In the acute setting, the majority of patients affected by uncomplicated acute type B aortic dissection (ABAD) can be managed with medical therapy. In these patients, in-hospital outcome is generally acceptable, with mortality rates of 1-10% (1,2). However, long-term outcomes in this group is less positive, with a mortality rates reported as 20- 25% within 3 years. Predictors of long-term complications have been a highly debated topic in recent years.
Reports from the International Registry of Acute Aortic Dissection (IRAD) have shown that a partially thrombosed false lumen is associated with increased surgical mortality. Among ABAD patients discharged alive, those presenting with a partially thrombosed false lumen had an increased rate of mortality, after adjusting for age, gender and type of in-hospital treatment (3). One hypothesis for this observation is that partial thrombosis of the false lumen may occlude distal re-entry tears (“sac formation”), resulting in higher diastolic pressure (4). The purpose of this study was to determine whether partial thrombosis of the false lumen in ABAD patients is associated with increased aortic expansion (5).
Methods and patients
Imaging studies of all uncomplicated type B dissection patients admitted to four referral centers between 1998 and 2011 were analyzed for this study.
All ABAD patients received medical anti-hypertensive therapy according to the local protocol.
To investigate the influence of a partially thrombosed false lumen on aortic growth in medically treated ABAD patients.
All imaging studies, either CT or MRI, at admission (<7 days after symptom onset) and follow-up (>3 months), were selected for analysis, and diameters of the affected aortas were measured at the following levels: proximal descending aorta, defined as the level 2 cm below the origin of the left subclavian artery; distal descending aorta, defined as 20 cm below the origin of the left subclavian artery; visceral aorta, between the origin of the celiac trunk and superior mesenteric artery; and infra-renal aorta, measured below the origin of the most distal renal artery (Figure 1). The annual aortic growth rate was calculated at each affected level by dividing the difference in maximum aortic diameter in millimeters between the initial and final measurements by the time interval between both imaging examinations in years.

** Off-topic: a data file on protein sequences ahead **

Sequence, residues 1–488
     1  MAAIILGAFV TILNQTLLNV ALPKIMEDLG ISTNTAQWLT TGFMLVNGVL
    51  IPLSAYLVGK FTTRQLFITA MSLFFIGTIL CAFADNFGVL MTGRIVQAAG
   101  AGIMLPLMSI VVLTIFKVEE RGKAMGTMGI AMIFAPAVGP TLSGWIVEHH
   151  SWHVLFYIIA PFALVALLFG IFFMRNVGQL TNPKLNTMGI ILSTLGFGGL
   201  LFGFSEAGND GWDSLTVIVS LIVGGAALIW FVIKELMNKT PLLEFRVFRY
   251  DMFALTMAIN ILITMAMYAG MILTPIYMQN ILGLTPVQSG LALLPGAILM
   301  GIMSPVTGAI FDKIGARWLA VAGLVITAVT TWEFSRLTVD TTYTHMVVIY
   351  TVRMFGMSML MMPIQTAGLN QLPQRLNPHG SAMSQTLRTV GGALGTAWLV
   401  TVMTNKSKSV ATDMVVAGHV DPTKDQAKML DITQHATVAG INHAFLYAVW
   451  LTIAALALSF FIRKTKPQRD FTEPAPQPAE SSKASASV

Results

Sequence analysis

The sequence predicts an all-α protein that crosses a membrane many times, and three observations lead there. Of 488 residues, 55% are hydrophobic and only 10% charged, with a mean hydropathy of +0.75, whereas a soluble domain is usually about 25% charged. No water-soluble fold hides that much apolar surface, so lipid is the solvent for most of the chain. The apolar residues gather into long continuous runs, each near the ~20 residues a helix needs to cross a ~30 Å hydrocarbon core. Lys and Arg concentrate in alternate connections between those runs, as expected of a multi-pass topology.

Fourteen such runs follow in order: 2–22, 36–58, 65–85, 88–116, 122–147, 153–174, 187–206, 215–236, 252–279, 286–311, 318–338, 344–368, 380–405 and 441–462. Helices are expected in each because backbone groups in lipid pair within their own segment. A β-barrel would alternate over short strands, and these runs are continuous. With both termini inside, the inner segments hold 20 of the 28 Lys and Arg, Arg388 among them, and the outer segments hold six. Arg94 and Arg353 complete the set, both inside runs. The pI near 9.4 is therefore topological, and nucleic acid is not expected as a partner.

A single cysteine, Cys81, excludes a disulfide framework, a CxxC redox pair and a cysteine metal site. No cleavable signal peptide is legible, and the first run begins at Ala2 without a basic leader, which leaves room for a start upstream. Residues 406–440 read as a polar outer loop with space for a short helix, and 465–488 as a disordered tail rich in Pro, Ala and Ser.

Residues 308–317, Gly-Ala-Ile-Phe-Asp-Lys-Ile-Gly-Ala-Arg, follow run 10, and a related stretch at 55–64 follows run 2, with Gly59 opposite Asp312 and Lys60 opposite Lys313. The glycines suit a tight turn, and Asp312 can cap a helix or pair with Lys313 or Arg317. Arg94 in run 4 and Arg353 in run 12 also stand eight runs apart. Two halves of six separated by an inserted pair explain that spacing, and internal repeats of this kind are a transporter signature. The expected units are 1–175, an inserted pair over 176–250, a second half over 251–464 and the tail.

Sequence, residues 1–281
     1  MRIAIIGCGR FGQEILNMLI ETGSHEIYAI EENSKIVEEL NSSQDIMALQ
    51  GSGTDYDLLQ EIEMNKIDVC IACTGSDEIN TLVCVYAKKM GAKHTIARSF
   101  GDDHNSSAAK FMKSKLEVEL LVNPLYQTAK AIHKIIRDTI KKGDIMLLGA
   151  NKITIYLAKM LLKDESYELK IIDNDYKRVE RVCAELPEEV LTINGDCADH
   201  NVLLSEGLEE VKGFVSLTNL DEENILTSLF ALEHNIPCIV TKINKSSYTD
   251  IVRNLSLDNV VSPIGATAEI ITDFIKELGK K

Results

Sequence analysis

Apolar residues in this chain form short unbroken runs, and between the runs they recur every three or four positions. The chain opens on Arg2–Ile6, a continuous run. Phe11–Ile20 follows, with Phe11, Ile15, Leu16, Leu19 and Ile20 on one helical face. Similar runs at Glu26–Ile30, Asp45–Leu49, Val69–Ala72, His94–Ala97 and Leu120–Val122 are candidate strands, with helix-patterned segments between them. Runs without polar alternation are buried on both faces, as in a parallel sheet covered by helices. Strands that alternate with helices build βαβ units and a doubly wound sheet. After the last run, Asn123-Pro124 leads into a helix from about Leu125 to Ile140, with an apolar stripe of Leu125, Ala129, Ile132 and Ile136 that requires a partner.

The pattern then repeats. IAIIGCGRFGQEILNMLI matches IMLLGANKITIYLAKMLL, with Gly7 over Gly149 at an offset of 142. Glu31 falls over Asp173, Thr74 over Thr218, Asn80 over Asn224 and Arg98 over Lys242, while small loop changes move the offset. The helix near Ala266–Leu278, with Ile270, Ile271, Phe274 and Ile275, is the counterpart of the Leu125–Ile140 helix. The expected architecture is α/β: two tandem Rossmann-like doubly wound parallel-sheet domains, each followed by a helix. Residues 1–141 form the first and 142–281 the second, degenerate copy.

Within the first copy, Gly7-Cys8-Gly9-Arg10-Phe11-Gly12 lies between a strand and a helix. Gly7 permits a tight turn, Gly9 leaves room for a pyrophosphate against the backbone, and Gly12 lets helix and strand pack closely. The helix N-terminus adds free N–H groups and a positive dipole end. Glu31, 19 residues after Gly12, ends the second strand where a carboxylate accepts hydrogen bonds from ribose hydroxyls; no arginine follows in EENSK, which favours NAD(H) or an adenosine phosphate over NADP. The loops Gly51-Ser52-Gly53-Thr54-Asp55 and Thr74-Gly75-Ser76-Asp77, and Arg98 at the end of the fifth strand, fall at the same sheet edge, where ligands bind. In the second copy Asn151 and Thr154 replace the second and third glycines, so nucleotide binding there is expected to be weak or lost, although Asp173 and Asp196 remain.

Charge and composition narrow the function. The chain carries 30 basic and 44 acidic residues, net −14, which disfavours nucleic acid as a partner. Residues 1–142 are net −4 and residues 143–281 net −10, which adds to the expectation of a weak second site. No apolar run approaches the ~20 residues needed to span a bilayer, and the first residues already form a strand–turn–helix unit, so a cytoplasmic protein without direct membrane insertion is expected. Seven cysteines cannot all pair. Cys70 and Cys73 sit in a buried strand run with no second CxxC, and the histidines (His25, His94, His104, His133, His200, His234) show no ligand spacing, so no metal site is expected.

Eighty-four patients were included, of which 40 (47.6%) had a partially thrombosed false lumen, 7 patients (8.3%) a completely thrombosed false lumen, and 37 patients (44.0%) a patent false lumen. Median length of follow-up was 19.5 months (IQR 43.7, range, 1-149.5 months). A total of 273 of the 336 (81.3%) evaluated aortic levels were dissected. The mean aortic diameter at baseline was significantly larger in the partial lumen thrombosis group (38.0±12.0) compared to the complete thrombosis group (35.2±8.4), and the patent false lumen group (32.0±6.9, P<0.001). The mean aortic expansion rate was 3.0±8.1 mm/year, with significant growth at all levels (Figure 1). Mean annual aortic growth rates were 4.3±10.2 mm/year in the partial thrombosis group, 2.1±5.6 mm in the segments with a patent false lumen and 1.5±5.6 in those with a completely thrombosed false lumen.
Univariate analysis showed that age, male gender and partial thrombosis of the false lumen (vs. patent false lumen) had a significant effect on the annual aortic growth rate (P<0.05 in all). Annual aortic expansion was significantly larger in patients with a partially thrombosed false lumen compared to patent false lumen (P=0.035). No significant difference between the annual aortic growth rates of dissections with a partially thrombosed false lumen and completely thrombosed false lumen were observed (P=0.745). Multivariate analyses showed that older age at presentation had a 0.17 mm per year decrease in aortic growth with every year increase in age. (95% CI, –0.026 to –0.08, P<0.001). Partial lumen thrombosis resulted in a 2.05 mm/year increase in aortic growth compared with patients with a patent false lumen (95% CI, 0.10 to 4.01, P=0.040) (Table 1).
The findings of the present study should be viewed in light of its limitations. We did not include other morphologic characteristics of the aortic dissection, which may have affected the aortic growth, except for the status of the false lumen. Also, clinical data regarding baseline co-morbidities and medical treatment were not available for analysis.
Clinical bottom line
The aortic growth rate among ABAD patients with a partially thrombosed false lumen appears to be higher during follow-up when compared to patients with complete thrombosis or a patent false lumen. These patients may require more intensive follow-up and prophylactic aortic interventions.
Disclosure: The authors declare no conflict of interest.
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- Suzuki T, Mehta RH, Ince H, et al. Clinical profiles and outcomes of acute type B aortic dissection in the current era: lessons from the International Registry of Aortic Dissection (IRAD). Circulation 2003;108 Suppl 1:II312-7. [PubMed]
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